Rev 3-4-2009

This equation implies a linear elastic zone of torque verses angle-tightening curve. For most common fastener materials the engineering values of the first two variables (d & F) are well defined. The problem with this equation lies in the Nut Factor (K). The K, or nut factor, can be thought of as anything that increases or decreases the friction within the threads of the nut. This is a combination of three sub-factors: K1, a geometric factor- the shape of the threads. Variation in the shape of the thread may cause friction in increase or decrease. K2, a thread friction related factor- the friction between the threads of the bolt and the threads of the nut. K3, an underhead friction related factor- the friction of the nut against the surface it rotates on. While there are published tables for K, these will usually vary from publication to publication. No two bolts respond exactly the same to a given torque. There are numerous real-world complications. Dirt in a tapped hole, damaged threads, hole misalignment, and many other factors can absorb a large amount of the input torque and thereby decrease the amount of energy that actually becomes preload. Some of the other common variables affecting the K factor may include, but not limited to: Hardness of all parts Types of materials Class of fit Plating, thickness and type The number of times the fastener was used Surface finishes on all parts Washers, present or not Manufacturing processes, such as cut or rolled thread Type of tool used for tightening Speed of tightening Element being torqued, nut vs. bolt Lubricant: the type, amount, condition, method of application, contamination, and temperature

Rev 3-4-2009

This is by no means an exhaustive list, and the extent to which these factors are controlled is directly proportionate to the cost incurred by the end user. Regardless of the time, effort, and money invested to monitor the process, complete control is impossible. Hence, each fastener (even from the same lot) will require different torque values to achieve the same preload. The K value can be thought of as anything and everything that affects the relationship between torque and preload. The following is a brief examination of some estimated K factors that we have found in our laboratory. The list is intended to be used only as a suggestion and will actually vary per application.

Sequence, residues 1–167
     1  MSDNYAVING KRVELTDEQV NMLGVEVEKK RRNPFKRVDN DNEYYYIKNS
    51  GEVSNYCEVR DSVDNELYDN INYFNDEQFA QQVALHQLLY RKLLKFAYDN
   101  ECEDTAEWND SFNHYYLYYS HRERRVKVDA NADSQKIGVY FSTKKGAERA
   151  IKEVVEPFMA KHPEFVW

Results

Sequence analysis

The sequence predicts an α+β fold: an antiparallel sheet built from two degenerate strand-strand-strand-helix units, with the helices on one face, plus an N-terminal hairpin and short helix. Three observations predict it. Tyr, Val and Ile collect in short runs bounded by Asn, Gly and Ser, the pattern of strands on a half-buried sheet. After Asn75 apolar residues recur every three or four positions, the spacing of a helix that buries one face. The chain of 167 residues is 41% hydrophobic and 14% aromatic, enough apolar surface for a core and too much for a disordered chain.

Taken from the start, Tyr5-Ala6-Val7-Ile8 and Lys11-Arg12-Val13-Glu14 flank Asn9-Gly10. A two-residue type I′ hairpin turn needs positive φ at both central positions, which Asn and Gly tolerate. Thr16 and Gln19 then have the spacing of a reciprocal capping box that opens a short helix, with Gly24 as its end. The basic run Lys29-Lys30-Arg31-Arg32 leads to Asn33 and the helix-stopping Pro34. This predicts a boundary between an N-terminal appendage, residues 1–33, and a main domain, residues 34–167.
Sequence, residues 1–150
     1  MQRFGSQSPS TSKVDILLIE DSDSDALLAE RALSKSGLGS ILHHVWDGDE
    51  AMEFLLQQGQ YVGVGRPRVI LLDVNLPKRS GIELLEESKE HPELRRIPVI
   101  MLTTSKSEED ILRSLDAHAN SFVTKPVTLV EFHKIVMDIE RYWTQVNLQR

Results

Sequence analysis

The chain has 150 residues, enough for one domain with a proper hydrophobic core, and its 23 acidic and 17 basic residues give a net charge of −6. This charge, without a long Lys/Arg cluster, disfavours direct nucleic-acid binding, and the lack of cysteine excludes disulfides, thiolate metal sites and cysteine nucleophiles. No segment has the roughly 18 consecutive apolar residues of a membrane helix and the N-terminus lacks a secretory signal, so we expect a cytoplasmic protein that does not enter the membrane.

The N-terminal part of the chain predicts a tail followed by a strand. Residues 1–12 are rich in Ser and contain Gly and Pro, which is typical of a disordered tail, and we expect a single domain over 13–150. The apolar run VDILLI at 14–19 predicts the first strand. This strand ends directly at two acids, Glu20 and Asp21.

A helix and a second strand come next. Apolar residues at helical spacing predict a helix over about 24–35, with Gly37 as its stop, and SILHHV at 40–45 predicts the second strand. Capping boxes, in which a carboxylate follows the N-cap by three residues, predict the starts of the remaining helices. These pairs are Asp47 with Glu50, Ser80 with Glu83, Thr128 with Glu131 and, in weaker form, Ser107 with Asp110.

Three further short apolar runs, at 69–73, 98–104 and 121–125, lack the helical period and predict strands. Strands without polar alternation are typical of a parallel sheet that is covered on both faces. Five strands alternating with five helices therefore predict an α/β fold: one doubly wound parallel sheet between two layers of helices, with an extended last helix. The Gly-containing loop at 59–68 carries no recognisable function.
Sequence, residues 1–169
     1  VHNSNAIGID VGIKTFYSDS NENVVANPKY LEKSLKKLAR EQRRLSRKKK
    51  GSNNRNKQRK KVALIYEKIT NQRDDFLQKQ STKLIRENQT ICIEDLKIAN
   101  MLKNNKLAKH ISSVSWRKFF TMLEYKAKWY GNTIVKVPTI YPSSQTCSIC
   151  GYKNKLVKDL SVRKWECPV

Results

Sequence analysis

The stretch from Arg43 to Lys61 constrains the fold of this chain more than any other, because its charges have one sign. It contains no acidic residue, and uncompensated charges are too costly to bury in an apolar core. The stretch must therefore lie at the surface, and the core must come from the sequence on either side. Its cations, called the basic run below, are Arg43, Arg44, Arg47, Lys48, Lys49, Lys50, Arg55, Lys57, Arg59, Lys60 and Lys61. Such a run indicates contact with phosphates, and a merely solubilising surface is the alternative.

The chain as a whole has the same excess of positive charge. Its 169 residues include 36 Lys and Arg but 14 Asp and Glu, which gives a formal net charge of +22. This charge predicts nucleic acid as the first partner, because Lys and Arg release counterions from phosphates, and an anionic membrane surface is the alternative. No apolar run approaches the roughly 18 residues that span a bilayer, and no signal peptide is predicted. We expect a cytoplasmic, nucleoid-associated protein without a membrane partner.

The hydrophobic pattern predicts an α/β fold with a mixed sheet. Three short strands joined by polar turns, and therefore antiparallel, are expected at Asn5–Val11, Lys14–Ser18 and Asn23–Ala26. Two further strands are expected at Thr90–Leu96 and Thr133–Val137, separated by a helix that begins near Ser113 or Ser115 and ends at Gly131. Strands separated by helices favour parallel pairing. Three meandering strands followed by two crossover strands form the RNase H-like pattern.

K Factors Bolt Condition Non-plated, black finish (dry) Zinc-plated Lubricated Cadmium-plated K 0.20 - 0.30 0.17 - 0.22 0.12 - 0.16 0.11 - 0.15

Due to variations in the K factor, even perfect input torque can give a variation of preload by as much as 25 - 30 %. The following example will demonstrate some complications that can be involved in calculating torque.
K = 0.20 (Non-lubricated; Dry) Hex Cap Screw 1/2 - 13 zinc plated Grade 5 Using Torque = K x d x F K = 0.20 d = 0.50 in. F = 9045 lbs. T = (0.20) (0.5 in.) (9045 lbs.) T= 905 in.-lbs./12 = 75 ft.-lbs. K = 0.10 (Highly lubricated) Hex Cap Screw 1/2 - 13 zinc plated Grade 5 Using Torque = K x d x F K = 0.10 d = 0.50 in. F = 9045 lbs. T = (0.10) (0.5 in.) (9045 lbs.) T= 452 in.-lbs./12 = 38 ft.-lbs.

Note: F = (75% of the proof load) = 0.75 x 85,000 psi x 0.1419 sq.in = 9045 lbs.
Dry Torque Value used on Lubricated Bolts (K = 0.10) Hex Cap Screw 1/2 - 13 zinc plated Grade 5 Torque = K x d x F to find F (preload): F = T/(K x d) K = 0.10 d = 0.50 in. T = 905 in.-lbs. F = 905 in.-lbs./ (0.10 x 0.5 in.) F = 18,100 lbs.

The above example examines K = 0.20. This is a common K factor for zinc-plated fasteners. However, what might happen if the person installing the fastener without realizing the extent or type of lubrication with the same torque? In such conditions, K may drop to a value of 0.10. If the K = 0.20 (dry) torque calculation was used on a heavily lubricated bolt it would result in a preload of 18,100 lbs. This would exceed the tensile strength of a - 13 Grade 5 bolt. More than likely the bolt in question would fail. The exact opposite can also happen, resulting in a lower clamp load than required and field failure. As a group of fasteners is tightened, those tightened first will tend to relax slightly as subsequent fasteners are tightened. This is due to the creep and flow of heavily loaded contact surfaces and the
Rev 3-4-2009

Rev 3-4-2009

Rev 3-4-2009

In order to use stretch control one must initially determine the amount of stretch each separate portion of the bolt contributes to the total stretch. One must also take into account that the tension and stretch in the bolt head and the nut are not uniform throughout, but rather fall off from a maximum value at the joint surface to zero (no tension) at the outer ends of the fastener. Other factors affect the relationship between stretch and tension. The basic elasticity of the bolt material may vary from lot to lot of bolts, the grip lengths and dimensional tolerances may vary, and the temperature of the bolt must be measured for precise tension determination. Overall, stretch control method is a very precise tool for evaluating bolt tension.